What is Brainspotting?
By: Connie Toft, 19 April 2017
Brainspotting (BSP) is a technique used to process difficult life experiences that remain unresolved with verbal processing or talk therapy. A brainspot is a specific eye gaze or “spot” in the visual field that is correlated to physical stress and discomfort when recalling or remembering difficult or traumatic experiences.
Naturally we look around as we talk, and brainspotting optimizes this as it gives us helpful information about how the brain stores experiences. A brainspotting session begins by first talking about the troubling situation or trauma, then noticing sensations in the body associated with this awareness. An eye gaze direction or “spot” is identified as it correlates to physical sensations by intentionally tracking eye direction and related feelings.
This process aids the client and therapist to access regions in the brain that are otherwise difficult to access with talk therapy alone. Highly charged emotions are common with difficult, frightening, and traumatic experience. However, emotion and physical experience are not stored in the region of the brain that we ordinarily use for language. This means that when a brainspot is located, there is an opportunity for resolution and a transformation of the original experience.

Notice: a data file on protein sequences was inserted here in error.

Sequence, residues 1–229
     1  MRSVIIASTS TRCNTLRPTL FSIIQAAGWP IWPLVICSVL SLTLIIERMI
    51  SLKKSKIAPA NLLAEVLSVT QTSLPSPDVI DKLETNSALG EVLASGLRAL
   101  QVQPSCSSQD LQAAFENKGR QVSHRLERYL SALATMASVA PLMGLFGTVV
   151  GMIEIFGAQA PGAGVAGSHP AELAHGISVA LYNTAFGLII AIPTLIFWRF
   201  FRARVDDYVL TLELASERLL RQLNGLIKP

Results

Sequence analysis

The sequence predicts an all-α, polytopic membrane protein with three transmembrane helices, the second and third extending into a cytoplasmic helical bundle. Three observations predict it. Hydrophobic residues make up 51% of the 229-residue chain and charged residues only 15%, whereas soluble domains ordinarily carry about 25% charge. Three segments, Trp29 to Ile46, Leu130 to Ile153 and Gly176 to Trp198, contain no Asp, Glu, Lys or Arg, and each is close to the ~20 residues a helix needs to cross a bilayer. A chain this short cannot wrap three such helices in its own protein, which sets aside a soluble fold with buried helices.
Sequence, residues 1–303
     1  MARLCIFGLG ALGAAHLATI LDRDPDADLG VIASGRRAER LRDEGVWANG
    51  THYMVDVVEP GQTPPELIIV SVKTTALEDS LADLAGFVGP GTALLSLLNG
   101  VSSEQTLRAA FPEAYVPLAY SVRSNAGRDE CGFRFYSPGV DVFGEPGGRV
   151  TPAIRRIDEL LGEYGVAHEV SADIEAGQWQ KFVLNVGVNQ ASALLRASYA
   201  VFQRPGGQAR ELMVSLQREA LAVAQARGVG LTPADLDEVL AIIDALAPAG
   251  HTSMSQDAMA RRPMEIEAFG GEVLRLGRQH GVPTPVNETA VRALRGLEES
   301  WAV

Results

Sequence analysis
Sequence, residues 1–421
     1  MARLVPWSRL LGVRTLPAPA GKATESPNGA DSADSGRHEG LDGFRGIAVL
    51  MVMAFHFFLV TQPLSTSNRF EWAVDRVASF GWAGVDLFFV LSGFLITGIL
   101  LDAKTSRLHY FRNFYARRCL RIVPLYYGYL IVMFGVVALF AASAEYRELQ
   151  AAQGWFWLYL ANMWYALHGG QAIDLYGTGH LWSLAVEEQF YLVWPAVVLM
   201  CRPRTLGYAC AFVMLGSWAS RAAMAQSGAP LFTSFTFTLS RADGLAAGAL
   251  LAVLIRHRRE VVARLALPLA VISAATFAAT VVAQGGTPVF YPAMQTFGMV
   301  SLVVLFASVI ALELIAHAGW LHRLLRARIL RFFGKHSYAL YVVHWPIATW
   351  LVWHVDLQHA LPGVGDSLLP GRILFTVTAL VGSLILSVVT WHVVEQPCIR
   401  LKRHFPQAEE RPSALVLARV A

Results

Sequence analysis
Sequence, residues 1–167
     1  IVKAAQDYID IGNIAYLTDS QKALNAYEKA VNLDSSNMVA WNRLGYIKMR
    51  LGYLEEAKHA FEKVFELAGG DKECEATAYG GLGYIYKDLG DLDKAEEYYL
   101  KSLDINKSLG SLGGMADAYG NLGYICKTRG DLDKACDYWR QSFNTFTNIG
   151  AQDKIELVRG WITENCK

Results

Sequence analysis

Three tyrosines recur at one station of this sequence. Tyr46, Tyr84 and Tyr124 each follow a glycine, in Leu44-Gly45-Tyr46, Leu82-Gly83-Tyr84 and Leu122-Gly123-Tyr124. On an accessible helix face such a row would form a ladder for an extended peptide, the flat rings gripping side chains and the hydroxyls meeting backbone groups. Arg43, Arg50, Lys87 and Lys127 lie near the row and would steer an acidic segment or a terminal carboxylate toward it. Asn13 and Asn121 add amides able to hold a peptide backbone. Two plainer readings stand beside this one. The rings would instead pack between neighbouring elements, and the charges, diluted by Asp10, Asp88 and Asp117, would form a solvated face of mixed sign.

An equally important part of the BSP technique is the therapist’s awareness to not only what is being said, but also the apparent nonverbal process and emotion of the person working through the experience. The therapist’s presence offers support and compassion while reducing feelings of loneliness that often accompany traumatic rememberings. Often when the experience is reprocessed, the support of a caring person is an additional way to reconnect with emotions, placing them in the past and creating a sense of increased freedom in everyday life.
There are several ways to approach BSP that can be accommodated to the person’s comfort level and preference. For this reason, the approach and technique are very client centered and empowering. The person who is processing is in charge of their own experience.
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